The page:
Hidden away in the rolling hills of North Devon, Upcott Farm is the escape-to-the-country dream come true of Ben and Sarah Lambert and their two children. The family have carefully and considerately renovated the crumbling farmhouse and its outbuildings to create a beautiful home, sharing their rural idyll with guests staying in the converted calf and lamb sheds.
Arriving road weary and ready for a break, the farm’s glowing lights were a welcome sight indeed. We stayed in the Calfshed, a stunning two-bedroom luxury holiday home with the most beautiful interiors. It’s easy to see why the place has been used as the backdrop for a White Company catalogue, as well as many other location shoots. The whole place is beautifully light and calming, featuring whitewashed walls, huge windows, wood and polished concrete floors and soft grey furnishings. The effect is instantly soothing and relaxing, everything you could wish for in an escape from your everyday.
Remaining loyal to the Calfshed’s original layout, the ground floor is largely open plan, housing a kitchen and lounge, all flooded with natural light. Upstairs, the bedrooms are the perfect retreat after a busy day exploring, featuring huge, comfy beds, gorgeous en-suite bathrooms and the barn’s original beam ceilings. There’s also a lot to fall in love with outside. The gardens were largely dormant during our stay but Sarah is a professional gardener and I can imagine the kitchen garden is stunning during the summer months. They’ve also restored the farm’s original apple press and host apple pressing days in autumn.
In every respect, it is a place to switch off and enjoy the good life for a few days. Every requirement is catered for (dishwasher, washing machine, underfloor heating, the best self-catering kitchen I’ve ever come across) along with many thoughtful touches such as some basic supplies, fresh flowers and plenty of kids toys. We loved gathering around the large farmhouse-style dining table and taking our time over breakfasts, then curling up on the large corner sofa in front of the fire at the end of each day. It was seriously hard to leave.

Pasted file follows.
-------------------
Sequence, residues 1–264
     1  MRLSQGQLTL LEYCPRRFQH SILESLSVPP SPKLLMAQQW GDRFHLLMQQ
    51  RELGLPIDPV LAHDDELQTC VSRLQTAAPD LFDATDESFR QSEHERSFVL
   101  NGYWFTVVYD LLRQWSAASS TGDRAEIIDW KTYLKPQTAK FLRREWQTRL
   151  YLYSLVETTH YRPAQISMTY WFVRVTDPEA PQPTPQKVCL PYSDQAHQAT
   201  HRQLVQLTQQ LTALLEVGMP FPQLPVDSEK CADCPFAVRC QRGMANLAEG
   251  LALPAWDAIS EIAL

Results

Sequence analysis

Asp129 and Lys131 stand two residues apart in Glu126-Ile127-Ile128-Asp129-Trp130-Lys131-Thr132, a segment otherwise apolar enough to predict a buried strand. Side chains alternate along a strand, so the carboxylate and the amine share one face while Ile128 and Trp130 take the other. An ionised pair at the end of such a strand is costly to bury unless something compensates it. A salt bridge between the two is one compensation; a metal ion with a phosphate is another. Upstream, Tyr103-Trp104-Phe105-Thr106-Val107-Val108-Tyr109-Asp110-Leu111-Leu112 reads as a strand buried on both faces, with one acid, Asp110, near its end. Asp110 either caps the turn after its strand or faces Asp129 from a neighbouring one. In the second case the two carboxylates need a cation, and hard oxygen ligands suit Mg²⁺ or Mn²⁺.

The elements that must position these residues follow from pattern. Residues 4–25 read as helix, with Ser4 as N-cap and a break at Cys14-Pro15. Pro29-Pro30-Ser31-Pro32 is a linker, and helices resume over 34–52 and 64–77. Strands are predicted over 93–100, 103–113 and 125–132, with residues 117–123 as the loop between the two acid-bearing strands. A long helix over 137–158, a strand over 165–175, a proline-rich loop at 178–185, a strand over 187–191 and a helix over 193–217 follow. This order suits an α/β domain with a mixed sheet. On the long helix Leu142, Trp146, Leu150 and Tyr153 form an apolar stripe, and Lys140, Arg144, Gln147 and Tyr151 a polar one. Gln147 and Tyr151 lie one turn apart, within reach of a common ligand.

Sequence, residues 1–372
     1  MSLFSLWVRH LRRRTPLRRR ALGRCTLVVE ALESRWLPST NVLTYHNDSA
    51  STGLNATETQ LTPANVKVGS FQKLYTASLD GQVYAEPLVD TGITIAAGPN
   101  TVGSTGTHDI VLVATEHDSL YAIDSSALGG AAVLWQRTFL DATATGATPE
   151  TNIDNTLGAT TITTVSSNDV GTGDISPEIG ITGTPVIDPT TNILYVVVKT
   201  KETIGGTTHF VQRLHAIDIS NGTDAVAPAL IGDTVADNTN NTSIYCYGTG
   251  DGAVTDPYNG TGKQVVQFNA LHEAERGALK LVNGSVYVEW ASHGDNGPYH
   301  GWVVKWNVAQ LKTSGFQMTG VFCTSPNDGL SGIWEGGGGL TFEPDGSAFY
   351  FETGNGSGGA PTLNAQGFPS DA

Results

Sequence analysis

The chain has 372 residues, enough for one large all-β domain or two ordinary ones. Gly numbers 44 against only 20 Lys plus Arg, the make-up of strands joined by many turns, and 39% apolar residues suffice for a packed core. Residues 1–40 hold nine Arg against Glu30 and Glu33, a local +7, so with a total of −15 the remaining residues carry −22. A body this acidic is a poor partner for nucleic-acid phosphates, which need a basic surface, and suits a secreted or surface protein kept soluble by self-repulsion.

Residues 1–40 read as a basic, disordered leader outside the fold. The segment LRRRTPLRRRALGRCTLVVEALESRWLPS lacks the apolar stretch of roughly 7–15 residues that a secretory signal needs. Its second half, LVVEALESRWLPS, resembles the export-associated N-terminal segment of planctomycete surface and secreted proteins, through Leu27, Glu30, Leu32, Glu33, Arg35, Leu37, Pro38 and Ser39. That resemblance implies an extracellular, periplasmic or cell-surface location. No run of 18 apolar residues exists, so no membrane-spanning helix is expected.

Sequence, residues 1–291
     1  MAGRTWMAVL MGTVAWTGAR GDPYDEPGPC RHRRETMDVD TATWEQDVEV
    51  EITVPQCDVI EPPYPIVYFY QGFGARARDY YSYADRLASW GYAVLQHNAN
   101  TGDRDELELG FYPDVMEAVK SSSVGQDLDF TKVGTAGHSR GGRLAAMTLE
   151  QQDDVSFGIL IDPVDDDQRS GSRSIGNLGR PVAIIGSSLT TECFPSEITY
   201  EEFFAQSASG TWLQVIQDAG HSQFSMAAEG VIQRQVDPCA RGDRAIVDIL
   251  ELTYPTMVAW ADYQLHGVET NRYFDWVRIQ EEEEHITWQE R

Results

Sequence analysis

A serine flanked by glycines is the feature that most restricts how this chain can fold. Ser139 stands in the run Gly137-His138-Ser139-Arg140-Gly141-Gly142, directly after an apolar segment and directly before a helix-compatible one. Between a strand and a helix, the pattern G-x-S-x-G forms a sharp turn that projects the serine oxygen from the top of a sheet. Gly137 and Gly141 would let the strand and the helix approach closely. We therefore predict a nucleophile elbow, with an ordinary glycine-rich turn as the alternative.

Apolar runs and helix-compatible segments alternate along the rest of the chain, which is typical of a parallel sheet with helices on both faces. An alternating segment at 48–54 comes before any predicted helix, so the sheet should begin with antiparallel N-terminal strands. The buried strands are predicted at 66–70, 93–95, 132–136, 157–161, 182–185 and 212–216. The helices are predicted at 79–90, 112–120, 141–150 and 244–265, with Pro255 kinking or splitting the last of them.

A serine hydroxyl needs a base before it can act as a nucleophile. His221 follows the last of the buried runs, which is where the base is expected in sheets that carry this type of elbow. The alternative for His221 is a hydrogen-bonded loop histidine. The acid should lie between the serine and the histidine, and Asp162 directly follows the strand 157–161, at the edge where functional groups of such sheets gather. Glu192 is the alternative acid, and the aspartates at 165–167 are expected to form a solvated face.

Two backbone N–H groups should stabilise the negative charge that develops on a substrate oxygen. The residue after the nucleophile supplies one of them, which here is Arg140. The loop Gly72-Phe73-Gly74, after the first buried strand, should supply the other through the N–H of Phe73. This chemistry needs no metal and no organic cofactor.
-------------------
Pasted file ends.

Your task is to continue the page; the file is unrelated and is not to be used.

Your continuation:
We headed straight for the beach on our first morning, opting for nearby Saunton Sands. Emerging over the sand dunes we were presented with a wide-open, seemingly endless stretch of sand. Breathing in the sea air and buffeted by the wind, it was the perfect, refreshing start we all needed.
From here we headed into Croyde for lunch and a wander around. The village of Croyde has an olde-worlde charm that is kept fresh by the local surf community, and there are plenty of little shops to browse.
The afternoon was spent exploring Baggy Point, a stunning, National-Trust-owned headland that juts out into the sea beyond Croyde. At the top of the cliffs, we climbed the look out post, before heading down towards to very tip of the headland, a beautiful place to stop and admire the far-reaching views and sea-ravaged rock-scape below. All along our way, we discovered hidden fairy doors with fun facts, a great way to keep little legs going, and on our return route, we dropped down to the craggy rocks for a spot of rock pooling before the tide rolled its way in.
After a slow start and a pub lunch in Georgeham on our final day, we drove twenty minutes on to Ilfracombe. It’s a buzzy little town centered around a lovely harbour, but what we really wanted to see was Damien Hirst’s Verity, a 60ft bronze statue of a pregnant lady wielding a sword. Towering over the harbour wall, the scale is magnificent. It really is something to be seen and I highly recommend a visit if you’re in the area.
On our first day, we visited The Stores in Croyde on Ben and Sarah’s recommendation and it certainly didn’t disappoint. It’s a cosy, friendly place with great décor and delicious food. We settled for tasty lunch of eggs on toast, with rounds of hot chocolate and mochas. We also stocked up on some fresh bread, fruit, veg and deli items to enjoy back at the farm.
Returning from Baggy Point later that afternoon we discovered the lovely National Trust Sandleigh Tea Room and just had to stop in for a warming cuppa. The walled kitchen garden is gorgeous and there’s also a lovely little homewares and gift shop called The Oyster Catcher that’s worth looking in at.
After bidding a reluctant farewell to Upcott Farm on our last day, we headed to the nearby village of Georgham, again on the recommendation of Ben and Sarah. There are two great classic village pubs here serving excellent local homemade food. We opted for the Rock Inn and had a particularly good Sunday roast before our final stop in Ilfracombe on route home. Great food, stunning beach walks, magnificent art and the most beautiful home-from-home; North Devon spoilt us and we wouldn’t hesitate to go back.
Images by Sarah-Lou Francis